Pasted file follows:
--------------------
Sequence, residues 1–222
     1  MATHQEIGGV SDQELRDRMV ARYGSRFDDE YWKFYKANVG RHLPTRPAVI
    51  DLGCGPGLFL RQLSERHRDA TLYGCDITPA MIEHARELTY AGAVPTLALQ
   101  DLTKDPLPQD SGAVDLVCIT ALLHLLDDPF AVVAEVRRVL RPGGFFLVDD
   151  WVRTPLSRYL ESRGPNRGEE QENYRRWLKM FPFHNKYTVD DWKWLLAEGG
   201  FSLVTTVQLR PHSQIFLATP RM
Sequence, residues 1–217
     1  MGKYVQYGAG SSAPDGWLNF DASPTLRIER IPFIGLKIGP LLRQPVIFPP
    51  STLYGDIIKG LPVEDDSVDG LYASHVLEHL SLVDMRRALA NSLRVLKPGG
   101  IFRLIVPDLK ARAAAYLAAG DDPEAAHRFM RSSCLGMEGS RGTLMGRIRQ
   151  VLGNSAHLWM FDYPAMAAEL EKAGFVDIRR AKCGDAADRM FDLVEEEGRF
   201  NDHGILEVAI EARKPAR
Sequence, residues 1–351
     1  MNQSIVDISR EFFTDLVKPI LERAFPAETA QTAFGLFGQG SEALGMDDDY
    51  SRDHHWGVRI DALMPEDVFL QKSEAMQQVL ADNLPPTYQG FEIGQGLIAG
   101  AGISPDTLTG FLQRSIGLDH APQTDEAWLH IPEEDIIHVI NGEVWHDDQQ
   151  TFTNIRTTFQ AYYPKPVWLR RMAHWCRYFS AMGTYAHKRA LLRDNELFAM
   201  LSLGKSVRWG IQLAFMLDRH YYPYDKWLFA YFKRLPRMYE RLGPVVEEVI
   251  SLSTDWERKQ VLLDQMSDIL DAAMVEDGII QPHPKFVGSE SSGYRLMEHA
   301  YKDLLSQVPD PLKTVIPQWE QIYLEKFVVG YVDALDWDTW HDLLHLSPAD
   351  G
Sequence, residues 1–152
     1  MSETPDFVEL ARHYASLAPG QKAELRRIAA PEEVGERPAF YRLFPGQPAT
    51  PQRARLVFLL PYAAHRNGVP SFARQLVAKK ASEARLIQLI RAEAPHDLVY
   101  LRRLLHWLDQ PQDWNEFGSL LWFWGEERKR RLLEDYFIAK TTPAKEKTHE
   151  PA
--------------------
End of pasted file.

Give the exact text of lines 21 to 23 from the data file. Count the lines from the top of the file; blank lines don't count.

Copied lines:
   351  G
Sequence, residues 1–152
     1  MSETPDFVEL ARHYASLAPG QKAELRRIAA PEEVGERPAF YRLFPGQPAT